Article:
There are many theories about how adults learn. While some of them focus exclusively on the key role of experience,27 almost all note the importance of experience and personal relevance in successful learning.2829 When asked to define and describe patient safety during the focus groups, the nurses almost exclusively relate those areas where they personally discover problems. The primary importance of monitoring and double-checking medications and physical elements of the environment to nurses is validated by the walk-round checklists which are strongly slanted to the same issues. In juxtaposition to the strength of self-initiated problem-solving are the passive messages about safety they receive from nursing and hospital management. While the nurses acknowledge that management cares about safety when answering survey questions, the focus-group participants describe management’s safety message as occurring predominantly through educational activities (classes, posters and notices). Consistent with adult learning theory, studies show that these types of interventions generally have little or no impact on professional practices.3031
The nurses in our study were proud of their dedication to their patients and their job. Their diligence in finding immediate fixes for problems they encountered did lead to immediate benefit for their patients, were gratifying to the nurses and allowed them to continue caring for their patients. Problem-solving coupled with immediate feedback is another desirable component of adult learning.28 When a nurse finds a loose restraint and fixes it or removes an incorrect medication from an IV line, she sees an immediate value. Safety programs like the CRBSI project offer no immediate feedback on patient safety—the patient immediately looks no differently whether the line was inserted following the protocols or not. Even if process and outcome feedback occurs monthly, it is relatively distant compared with the immediate rescue feedback from double-checking.
A study of nurses in other hospital settings found that 92% of problems were solved by first-order problem-solving, described as dealing with problems only by focusing on doing what it takes to continue the care of the patient and involving only those with who the nurse is most comfortable (not necessarily those best able to solve the problem).3233 This local success leads to less organisational learning and fewer system improvements. Figure 1 shows how this model of first-order problem-solving occurs within the ICU. Most of the patient safety problems described by the participants were medication errors and environmental threats that were dealt with by double-checking and patient advocacy. This first-order problem-solving usually fixed the problem for the patient and gave the nurse a sense of satisfaction. However, these problems keep recurring—the focus-group participants gave multiple examples of medication and environmental errors—but could relate few examples from years of experience of “second order” problem-solving—system changes that eliminated the problem.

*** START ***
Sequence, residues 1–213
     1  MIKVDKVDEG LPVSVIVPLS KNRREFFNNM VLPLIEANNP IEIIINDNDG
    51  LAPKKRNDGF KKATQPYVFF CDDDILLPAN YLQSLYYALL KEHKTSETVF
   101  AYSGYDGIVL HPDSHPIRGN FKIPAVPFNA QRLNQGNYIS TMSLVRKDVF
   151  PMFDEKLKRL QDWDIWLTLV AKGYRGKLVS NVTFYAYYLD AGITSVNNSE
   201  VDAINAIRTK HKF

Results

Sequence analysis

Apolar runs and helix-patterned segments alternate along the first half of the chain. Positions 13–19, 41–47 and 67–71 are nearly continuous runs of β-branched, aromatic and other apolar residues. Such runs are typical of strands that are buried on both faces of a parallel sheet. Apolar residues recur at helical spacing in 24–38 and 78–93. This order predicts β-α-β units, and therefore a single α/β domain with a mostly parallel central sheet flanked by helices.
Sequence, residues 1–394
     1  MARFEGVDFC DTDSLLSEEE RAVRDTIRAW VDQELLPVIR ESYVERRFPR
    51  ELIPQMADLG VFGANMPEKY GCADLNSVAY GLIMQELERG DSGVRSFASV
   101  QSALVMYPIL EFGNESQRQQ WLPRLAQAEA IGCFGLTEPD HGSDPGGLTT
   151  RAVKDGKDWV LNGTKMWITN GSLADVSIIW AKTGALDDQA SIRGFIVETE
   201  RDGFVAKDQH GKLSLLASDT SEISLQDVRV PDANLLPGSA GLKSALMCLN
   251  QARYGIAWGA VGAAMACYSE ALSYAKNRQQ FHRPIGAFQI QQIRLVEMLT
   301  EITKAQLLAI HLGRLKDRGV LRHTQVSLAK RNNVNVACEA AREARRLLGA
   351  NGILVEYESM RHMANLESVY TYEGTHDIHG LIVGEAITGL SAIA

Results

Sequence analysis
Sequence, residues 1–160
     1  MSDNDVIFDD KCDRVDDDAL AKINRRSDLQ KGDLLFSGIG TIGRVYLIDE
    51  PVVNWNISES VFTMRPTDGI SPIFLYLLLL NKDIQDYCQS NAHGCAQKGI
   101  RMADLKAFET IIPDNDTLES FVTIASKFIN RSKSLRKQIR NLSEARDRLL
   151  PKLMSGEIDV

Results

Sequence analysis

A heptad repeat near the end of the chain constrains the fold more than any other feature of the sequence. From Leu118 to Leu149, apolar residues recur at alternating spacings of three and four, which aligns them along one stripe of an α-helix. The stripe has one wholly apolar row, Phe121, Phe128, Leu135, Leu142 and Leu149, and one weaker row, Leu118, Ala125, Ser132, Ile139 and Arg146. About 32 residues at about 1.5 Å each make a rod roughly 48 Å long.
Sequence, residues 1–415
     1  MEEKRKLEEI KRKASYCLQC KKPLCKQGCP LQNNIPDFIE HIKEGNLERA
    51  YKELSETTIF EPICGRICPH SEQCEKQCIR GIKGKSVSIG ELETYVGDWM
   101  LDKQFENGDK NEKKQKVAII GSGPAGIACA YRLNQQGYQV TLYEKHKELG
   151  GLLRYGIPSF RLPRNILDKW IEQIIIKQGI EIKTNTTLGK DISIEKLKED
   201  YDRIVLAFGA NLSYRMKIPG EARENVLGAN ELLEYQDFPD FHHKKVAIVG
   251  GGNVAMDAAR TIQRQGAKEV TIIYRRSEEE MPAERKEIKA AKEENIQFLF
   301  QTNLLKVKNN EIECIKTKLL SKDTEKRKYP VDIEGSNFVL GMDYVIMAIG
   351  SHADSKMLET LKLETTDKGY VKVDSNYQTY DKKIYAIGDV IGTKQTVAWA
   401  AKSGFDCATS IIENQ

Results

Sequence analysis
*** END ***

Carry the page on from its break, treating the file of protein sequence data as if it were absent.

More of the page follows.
There are limitations to this study. While the CRBSI project was performed at 10 hospitals, this study reports on four of them. The willingness of the ICUs at these four hospitals to participate in the focus groups may mean that the management at these ICUs possesses different qualities than those that did not participate. Focus groups were not performed prior to the central line project. While we are describing nurses’ perceptions after an intervention, and do not claim to assess change, future research should consider exploring what types of interventions do change nurses’ functional descriptions of safety. And while focus groups allow us to gain a broad understanding of a topic, they do not allow us to assess the importance of issues to individuals or sub-groups. We do not know if the same individuals completed surveys and also attended a focus group, and the response rate to the survey was low (40%), but since this research was exploratory and analysed qualitatively, the triangulation of data from these sources still adds to the trustworthiness of our conclusions.2526
The institution of evidence-based practice is a concrete approach to systematically improve the safety of an ICU.17 However, despite the success of this project in reducing the CRBSI rate, participants in the project did not generalise their experience or learning to other aspects of patient safety. Instead, the nurses defined their primary contribution to patient safety as double-checking environmental and medication issues. Despite “education” from management, these nurses continue to define patient safety primarily from personal experiences. We speculate from these results that substantive changes in true patient safety culture require multiple interventions and continued forces. Broadening administration checklists or rotating topics addressed might be an initial approach. Future research should continue to explore methods for improving the entire range of nursing safety within the ICU.
Funding: Agency for Healthcare Research and Quality (AHRQ) Challenge Grant 1UC1HD014237-01; Veterans Affairs Research Enhancement Awards Program 03-020; AHRQ Career Development award K08 HS13914-02.
Competing interests: The funding sources had no involvement in study design or in the collection, analysis and interpretation of data; in the writing of the report; or in the decision to submit the paper for publication.